• Use screens and barriers to keep people separated at their workstations.
• Introduce social distancing signs that encourage people to keep their distance from one another and to signal a one-way walking system around the office.
Ensuring that your workplace is clean before opening and that it remains clean is an important discussion point and may require you as an employer to take action before you let your staff back on the premises.
Please Note: An assessment for all sites and parts of the site location needs to be taken before work restarts.
Check your ventilation systems so that they do not lower ventilation levels. Most air conditioning systems will not need adjustment if they draw in a supply of fresh air.
Before anyone enters the office or workplace again, you should clean the space. Wiping down surfaces, cleaning touchpoints and ensuring that there are regular sanitation stations throughout the workplace are all vital when preparing a workspace for employees returning to work.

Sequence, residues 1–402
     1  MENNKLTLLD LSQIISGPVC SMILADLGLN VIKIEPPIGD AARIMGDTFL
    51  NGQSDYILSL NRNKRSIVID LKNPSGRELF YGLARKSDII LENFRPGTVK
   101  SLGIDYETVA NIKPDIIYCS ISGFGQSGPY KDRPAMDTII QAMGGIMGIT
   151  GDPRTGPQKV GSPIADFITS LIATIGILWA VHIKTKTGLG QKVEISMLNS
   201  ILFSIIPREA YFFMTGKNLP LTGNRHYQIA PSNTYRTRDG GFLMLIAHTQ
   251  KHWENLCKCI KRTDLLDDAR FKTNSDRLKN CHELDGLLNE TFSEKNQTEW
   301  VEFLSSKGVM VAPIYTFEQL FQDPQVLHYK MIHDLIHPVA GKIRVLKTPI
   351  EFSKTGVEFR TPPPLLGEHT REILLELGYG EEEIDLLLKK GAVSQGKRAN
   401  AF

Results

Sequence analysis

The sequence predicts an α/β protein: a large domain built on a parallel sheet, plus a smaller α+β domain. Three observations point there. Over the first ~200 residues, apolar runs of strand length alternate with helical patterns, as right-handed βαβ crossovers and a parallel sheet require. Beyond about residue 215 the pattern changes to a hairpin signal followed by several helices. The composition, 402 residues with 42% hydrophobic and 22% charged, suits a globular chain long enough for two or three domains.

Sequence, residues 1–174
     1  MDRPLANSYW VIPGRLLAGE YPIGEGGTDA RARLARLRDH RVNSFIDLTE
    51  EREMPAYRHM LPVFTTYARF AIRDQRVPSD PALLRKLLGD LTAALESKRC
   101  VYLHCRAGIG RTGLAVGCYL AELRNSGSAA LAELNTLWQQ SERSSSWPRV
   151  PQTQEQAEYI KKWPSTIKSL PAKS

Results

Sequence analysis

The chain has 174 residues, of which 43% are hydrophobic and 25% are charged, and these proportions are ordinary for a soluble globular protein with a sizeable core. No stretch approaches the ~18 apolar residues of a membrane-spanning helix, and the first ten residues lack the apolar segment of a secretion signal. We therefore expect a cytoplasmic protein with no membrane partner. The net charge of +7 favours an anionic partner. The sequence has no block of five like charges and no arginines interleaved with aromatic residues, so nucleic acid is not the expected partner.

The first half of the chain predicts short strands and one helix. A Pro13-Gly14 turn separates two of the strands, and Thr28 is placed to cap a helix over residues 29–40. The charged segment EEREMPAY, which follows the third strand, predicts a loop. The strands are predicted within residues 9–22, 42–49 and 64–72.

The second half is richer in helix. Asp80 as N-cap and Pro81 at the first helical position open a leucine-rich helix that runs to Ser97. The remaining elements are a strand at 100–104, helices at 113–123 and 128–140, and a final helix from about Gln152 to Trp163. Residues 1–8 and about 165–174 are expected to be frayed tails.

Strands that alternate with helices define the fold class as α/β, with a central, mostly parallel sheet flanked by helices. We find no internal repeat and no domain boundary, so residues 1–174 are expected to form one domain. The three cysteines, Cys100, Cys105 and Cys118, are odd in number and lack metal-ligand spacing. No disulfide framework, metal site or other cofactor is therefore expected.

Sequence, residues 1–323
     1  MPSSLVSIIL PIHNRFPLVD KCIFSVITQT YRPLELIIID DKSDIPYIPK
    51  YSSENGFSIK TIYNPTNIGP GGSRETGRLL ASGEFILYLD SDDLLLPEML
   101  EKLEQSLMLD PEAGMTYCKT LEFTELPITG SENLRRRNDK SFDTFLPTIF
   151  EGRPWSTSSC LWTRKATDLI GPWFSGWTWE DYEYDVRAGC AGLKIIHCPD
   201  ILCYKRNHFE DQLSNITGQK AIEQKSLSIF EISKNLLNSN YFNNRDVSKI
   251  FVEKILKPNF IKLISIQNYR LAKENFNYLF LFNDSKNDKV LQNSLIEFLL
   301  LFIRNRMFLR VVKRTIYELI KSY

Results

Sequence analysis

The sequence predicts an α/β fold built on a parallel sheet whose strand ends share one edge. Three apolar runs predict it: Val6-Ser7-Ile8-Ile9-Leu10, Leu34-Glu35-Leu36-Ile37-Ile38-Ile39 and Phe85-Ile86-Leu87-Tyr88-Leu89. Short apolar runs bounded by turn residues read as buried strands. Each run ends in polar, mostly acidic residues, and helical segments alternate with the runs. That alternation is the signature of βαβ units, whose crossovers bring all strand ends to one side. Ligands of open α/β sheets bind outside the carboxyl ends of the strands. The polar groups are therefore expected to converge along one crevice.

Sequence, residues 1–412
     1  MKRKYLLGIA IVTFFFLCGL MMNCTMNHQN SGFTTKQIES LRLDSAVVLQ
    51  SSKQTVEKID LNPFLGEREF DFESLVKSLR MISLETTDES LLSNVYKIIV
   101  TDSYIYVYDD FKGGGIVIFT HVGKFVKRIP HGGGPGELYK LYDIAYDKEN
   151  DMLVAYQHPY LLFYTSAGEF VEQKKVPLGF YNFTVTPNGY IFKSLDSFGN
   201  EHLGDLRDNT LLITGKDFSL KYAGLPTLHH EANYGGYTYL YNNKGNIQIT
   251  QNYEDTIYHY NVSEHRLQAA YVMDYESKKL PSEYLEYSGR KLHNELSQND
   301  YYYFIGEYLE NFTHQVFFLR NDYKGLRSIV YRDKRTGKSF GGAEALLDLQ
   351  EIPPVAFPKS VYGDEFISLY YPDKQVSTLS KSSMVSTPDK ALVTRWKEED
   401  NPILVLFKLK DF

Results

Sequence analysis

To prevent transmission, you need to ensure that the workplace stays clean day-to-day. Frequently cleaning work surfaces and areas, as well as any door handles or keyboards that are touched can help reduce transmission.
Place a limit on high-touch items. This can include items such as printers or whiteboards. It is recommended that you put a restriction on kettles or ensure that they are sanitized after each use.
Keep good hygiene throughout the working day. To do this, you should add hand washing signs and posters and provide multiple accessible hand sanitiser locations around the premises.
As an employer, you have a duty of care to your staff, customers and any visitor to your workplace. It is required by law that as an employer you must:
• Complete a risk assessment.
• Take reasonable steps to prevent harm.
• Do all that you reasonably can to protect the health, safety and wellbeing of people at work.
If you require more information regarding the completion of a risk assessment and managing potential risks, you can consult the HSE guidelines for further advice.
Another area that you should consider as an employer is communicating changes to your workforce.
You should, as an employer: